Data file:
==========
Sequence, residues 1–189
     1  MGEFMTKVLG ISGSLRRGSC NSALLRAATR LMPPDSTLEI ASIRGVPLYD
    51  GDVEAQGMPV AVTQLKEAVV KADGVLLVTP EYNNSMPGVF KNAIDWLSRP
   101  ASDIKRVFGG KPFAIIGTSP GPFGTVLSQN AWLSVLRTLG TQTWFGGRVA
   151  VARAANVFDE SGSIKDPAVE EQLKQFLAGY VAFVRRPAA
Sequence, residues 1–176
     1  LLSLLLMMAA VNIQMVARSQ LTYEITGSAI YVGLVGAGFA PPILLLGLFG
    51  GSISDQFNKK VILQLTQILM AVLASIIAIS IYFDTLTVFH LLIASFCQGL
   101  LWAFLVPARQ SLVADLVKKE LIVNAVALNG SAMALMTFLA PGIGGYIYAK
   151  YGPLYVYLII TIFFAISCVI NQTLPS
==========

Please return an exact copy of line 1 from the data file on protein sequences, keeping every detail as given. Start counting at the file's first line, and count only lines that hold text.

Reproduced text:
Sequence, residues 1–189